The converted vehicle sat much higher than standard, but entry and exit was easy enough. Once comfortable in the front seats we manoeuvred out of Bus4x4’s Rocklea factory and mixed with Ipswich Road traffic, before turning onto back roads.

 

 

The converted vehicle drove like a standard machine, with no ride or handling compromises. It felt just like a factory vehicle, with one minor exception: an engine ‘drone’ vibration at around 2000rpm. Toyota fits vibration-negating dampers to its 2.8-litre, four-cylinder engine, but these have to be removed as part of the 4×4 conversion job.

Our rough track drive showed that ride quality was better than that of a standard HiLux 4×4 ute and almost on a par with the plush ride of the LandCruiser 200 Series.

 

 

Off-road controls mimicked the Toyota factory design for its 200 Series vehicles, with dashboard push buttons controlling centre diff clock and low range selection. A third button can be added for rear diff lock actuation.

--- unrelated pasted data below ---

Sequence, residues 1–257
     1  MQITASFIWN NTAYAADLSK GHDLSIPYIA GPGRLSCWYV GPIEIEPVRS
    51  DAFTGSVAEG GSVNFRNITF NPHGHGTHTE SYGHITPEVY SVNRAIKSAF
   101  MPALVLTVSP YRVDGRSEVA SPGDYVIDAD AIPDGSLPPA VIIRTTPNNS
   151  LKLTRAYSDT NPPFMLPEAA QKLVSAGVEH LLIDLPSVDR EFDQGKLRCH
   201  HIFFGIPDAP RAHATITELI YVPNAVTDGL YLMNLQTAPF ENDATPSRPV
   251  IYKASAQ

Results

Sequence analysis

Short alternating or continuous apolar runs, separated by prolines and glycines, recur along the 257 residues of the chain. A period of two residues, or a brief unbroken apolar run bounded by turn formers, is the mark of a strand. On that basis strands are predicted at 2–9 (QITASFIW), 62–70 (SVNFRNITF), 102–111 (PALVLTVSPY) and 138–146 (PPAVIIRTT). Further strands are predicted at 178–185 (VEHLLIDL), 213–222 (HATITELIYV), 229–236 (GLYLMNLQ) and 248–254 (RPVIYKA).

Wheel travel, belly clearance and front and rear departure angles were better than those of any standard Toyota 4×4 vehicle.

The video below shows one of the prototype 2020 Bus4x4 HiAces in action:

 

 

Previous models

 

As a commercial vehicle
the Bus4x4 HiAce was a possible substitute for the LandCruiser Troop Carrier as a go-almost-anywhere people transporter, service van or ambulance.

 

The Bus 4×4 4WD Hiace Commuter was based on a Hiace 2WD mini-bus that had seating capacity for 12 or 14. Vehicles with five-speed manual or four-speed auto boxes were sourced.